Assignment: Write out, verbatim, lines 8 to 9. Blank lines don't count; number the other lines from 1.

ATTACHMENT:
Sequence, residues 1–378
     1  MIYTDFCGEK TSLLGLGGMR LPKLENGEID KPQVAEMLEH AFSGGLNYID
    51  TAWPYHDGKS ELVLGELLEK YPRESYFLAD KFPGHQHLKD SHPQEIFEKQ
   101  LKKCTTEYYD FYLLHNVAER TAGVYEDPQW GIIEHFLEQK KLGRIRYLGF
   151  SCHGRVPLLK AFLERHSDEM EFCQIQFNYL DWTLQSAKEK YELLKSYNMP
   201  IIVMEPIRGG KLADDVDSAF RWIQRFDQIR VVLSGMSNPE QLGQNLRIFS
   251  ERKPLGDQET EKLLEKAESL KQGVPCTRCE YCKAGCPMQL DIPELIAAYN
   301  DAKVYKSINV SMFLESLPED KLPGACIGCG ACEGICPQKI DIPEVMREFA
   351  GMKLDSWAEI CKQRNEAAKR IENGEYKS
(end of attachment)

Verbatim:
   301  DAKVYKSINV SMFLESLPED KLPGACIGCG ACEGICPQKI DIPEVMREFA
   351  GMKLDSWAEI CKQRNEAAKR IENGEYKS